Vitamin D / calciferol helps your body absorb calcium, a mineral that’s responsible for the normal development and maintenance of healthy teeth and bones. This vitamin also helps maintain proper blood levels of calcium and phosphorus. Vitamin D is often called the sunshine vitamin because your skin produces it after being exposed to ultraviolet rays from the sun. Research Getting adequate amounts of vitamin D and calcium can prevent or slow osteoporosis and reduce bone fractures. A growing body of research also suggests that maintaining healthy levels of vitamin D may reduce the risk of developing muscle pain and weakness, autoimmune diseases (such as rheumatoid arthritis and multiple sclerosis), cardiovascular disease and certain cancers. In addition, vitamin D deficiency appears to be a growing problem in the United States. As a result, supplemental vitamin D is commonly recommended for many people. Adequate Intake: 200 international units (IU)/day (adults ages 19 to 50), 400 IU/day (adults 51 to 70), and 600 IU/day (adults 71 or older). Despite current recommendations, many experts now believe that adults should get at least 800 to 1,000 IU/day of vitamin D. Some even advise getting up to 2,000 IU/day.
Omega−3 fatty acids also called Omega-3 oils are polyunsaturated fatty acids and are widely distributed in nature.There are different types of omega-3s: ALA (alpha-linolenic acid), DHA (docosahexaenoic acid), and EPA (eicosapentaenoic acid). Common sources of plant oils containing ALA include walnut, edible seeds, clary sage seed oil, algal oil, flaxseed oil, Sacha Inchi oil, Echium oil, and hemp oil, while sources of animal omega−3 fatty acids EPA and DHA include fish, fish oils, eggs from chickens fed EPA and DHA, squid oils and krill oil. Adequate Intake: Your body can turn ALA into DHA and EPA, though not very efficiently (only about 15% of the plant-based ALA can be converted to DHA and EPA in the body). So, many dietitians recommend getting DHA and EPA from supplements. While there’s no standard recommendation for how many omega-3s we need, dietitians consider the Adequate Intake (AI) for adults to be 1600 milligrams (mg) for men and 1100 mg for women.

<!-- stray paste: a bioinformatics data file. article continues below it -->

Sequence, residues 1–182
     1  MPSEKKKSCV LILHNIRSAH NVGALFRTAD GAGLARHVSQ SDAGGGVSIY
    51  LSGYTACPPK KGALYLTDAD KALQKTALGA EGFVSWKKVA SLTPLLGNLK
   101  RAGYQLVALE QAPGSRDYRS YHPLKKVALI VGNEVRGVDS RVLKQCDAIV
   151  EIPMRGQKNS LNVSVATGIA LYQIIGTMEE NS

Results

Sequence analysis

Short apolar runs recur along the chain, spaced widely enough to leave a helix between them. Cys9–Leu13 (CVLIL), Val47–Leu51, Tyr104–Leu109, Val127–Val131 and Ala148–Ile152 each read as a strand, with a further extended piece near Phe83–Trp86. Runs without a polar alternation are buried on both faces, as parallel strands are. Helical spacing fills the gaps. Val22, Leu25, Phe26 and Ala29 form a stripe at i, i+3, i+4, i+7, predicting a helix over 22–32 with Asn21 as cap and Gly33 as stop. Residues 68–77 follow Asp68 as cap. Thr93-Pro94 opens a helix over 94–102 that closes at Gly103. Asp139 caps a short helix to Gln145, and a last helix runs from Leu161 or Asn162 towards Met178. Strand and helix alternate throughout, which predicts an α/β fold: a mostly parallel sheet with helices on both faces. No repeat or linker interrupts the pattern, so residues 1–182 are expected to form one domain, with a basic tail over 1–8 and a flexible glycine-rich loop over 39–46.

Potassium is an electrolyte that is critical to the function of nerve and muscle cells, including those in your heart. Some studies indicate that low potassium may contribute to hypertension, and that increasing potassium intake through diet may help prevent or help treat this problem. Other studies indicate that increased potassium intake is linked with a lower risk of stroke, but more research is needed. Adequate Intake: 4,700 milligrams/day (adults).
Calcium is important for strong teeth and bones. It’s also needed for your heart, muscles and nerves to function properly. Research findings: Many Americans don’t get enough calcium in their diets. However, calcium supplements can help prevent deficiencies that can lead to bone loss and the brittle bone disease osteoporosis — especially when taken regularly and combined with vitamin D. Calcium and vitamin D, taken in combination with prescribed medications, can also be used to help treat osteoporosis or low bone mineral density (osteopenia). Adequate Intake: 1,000 milligrams (mg)/day (adults ages 19 to 50); 1,200 mg/day (adults 51 and older and postmenopausal women of all ages). For the best absorption, limit supplemental doses to 500 to 600 mg at one time and space doses evenly throughout the day.
Magnesium is involved in many biochemical reactions in the body, helping maintain normal heart rhythm, immune system and muscle function. Low magnesium levels are linked with a variety of conditions, including hypertension, heart disease, osteoporosis and poorly controlled diabetes. Use of certain medications, such as diuretics and some antibiotics, also may affect magnesium levels. Recommended Dietary Allowance: 310 milligrams (mg)/day (women ages 19 to 30), 320 mg/day (women 31 or older), 400 mg/day (men 19 to 30), 420 mg/day (men 31 or older).
When starting some sort of fitness goal / lifestyle… Some individuals focus WAY TOO MUCH on what they should be “taking” instead of adhering to their diet / workout routines. Supplementation, while important, represents very little in a persons routine. Sticking to your diet / workout plan should be the higher priority.